Art & Max

David Wiesner

Well…you could paint me.

David Wiesner has won THREE Caldecott Medals.  THREE!  I think I won three dollars once from a scratch off lotto ticket.  My all time favorite of his books is June 29, 1999. And confession:  when I was a librarian, I took it home for a week so no kids could check it out and I could have it all to myself.  Scandalous, I know.

But in this one, Art and Max are both lizards.  Duh.  The cover told me that.  Art begrudgingly allows Max to paint with him, and accidentally becomes the subject. Art is the art.  Max’s messy ways cause some slight problems for Art, and he has to figure out a way to paint him back together.  Very clever, a tad confusing, but definitely beautiful.

Rule of Thirds

The rule of thirds is not really a rule at all.  And you don’t have to do a lot of math.  It’s a guideline for compositions used by photographers, designers, and artists.

When you divide your composition into 9 equal parts, you should place important elements along the lines or at the points where they intersect. (side note:  Your family vacation beach photos are more interesting when the horizon is along one of those lines rather than dead center.  Try it!) These lines and points drive the eye to look around and through the composition, rather than get stuck dead center.  Take a look at this very first spread from Art & Max.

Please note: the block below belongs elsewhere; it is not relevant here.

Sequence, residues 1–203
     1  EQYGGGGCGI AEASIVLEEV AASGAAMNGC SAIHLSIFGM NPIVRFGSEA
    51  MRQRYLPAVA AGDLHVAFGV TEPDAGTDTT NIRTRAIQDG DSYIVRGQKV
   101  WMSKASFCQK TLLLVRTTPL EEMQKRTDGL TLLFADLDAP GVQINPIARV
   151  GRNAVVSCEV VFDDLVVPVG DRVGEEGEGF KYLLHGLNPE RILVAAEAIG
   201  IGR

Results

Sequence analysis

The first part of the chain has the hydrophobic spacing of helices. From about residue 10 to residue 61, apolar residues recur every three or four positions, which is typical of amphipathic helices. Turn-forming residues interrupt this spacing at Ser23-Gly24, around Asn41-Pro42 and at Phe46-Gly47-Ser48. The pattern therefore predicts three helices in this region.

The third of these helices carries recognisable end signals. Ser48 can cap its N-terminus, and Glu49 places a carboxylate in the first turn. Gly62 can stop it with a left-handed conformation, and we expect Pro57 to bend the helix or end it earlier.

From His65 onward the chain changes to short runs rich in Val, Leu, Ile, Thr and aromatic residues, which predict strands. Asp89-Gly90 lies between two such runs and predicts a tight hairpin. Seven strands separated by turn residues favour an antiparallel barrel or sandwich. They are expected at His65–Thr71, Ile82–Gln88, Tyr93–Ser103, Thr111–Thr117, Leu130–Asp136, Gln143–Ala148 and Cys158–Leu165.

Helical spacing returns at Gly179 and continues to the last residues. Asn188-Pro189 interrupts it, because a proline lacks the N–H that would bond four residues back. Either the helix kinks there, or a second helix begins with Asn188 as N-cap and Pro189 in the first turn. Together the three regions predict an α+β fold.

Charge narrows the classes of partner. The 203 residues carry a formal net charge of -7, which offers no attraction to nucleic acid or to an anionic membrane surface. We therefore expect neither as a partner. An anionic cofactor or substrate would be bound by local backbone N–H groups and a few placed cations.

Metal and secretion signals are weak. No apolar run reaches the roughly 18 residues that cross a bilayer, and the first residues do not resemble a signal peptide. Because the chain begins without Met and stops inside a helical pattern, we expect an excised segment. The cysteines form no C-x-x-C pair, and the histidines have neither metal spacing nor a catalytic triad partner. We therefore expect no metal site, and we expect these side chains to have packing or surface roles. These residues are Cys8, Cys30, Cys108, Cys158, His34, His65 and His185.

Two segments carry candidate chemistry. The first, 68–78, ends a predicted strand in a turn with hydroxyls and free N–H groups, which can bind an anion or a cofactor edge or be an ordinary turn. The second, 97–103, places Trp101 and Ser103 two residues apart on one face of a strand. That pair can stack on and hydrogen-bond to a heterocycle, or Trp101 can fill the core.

{This photo is from here, where you can see a series of sketches leading up to the final illustration.}

And the rule of thirds applied:

Even across two pages of his book, David Wiesner set this scene according to the rule of thirds.  The easel is lined up right along one of the verticals.  Art and Max themselves are not perfectly aligned to the vertical, but they are close enough and it feels right.  Max is even lunging across the intersecting point there, which is curiously enough sometimes called a crash point.  See how the megaphone and the little lizard’s eyes are looking right up towards the crash point highlighted in blue. Art is also gazing to that point.  This is how the rule of thirds allows for flow and movement when you are reading an image.  We are never stuck in the middle of this art, but instead get to actively be involved in the scene…

…which is how I found out here that either Art or Max is a Pink Floyd fan.  (See that?!)

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9 thoughts on “Art & Max

  1. Thank you Carter! I’m going to request this book from the library for my grandchildren. Thanks for the reminder of the rule of thirds.

  2. Tuesday is a cool one. It inspired Evelyn Coleman to become a writer.

    Are you interested in the possibility of joining a critique group of picture book writers? I tried emailing you, but it didn’t send. If you want to know more, contact me at wildbike @ netzero.net.

    Love your blog. Very cool.

    • Hi Christie! I remember you from the Write On Con forums where I majorly lurked but didn’t have my act together enough to be a part of the conversation! I did join a PB critique group shortly after that, but thanks for thinking of me. That’s so sweet. If you ever want to bounce ideas and words though, I’m definitely up for that!

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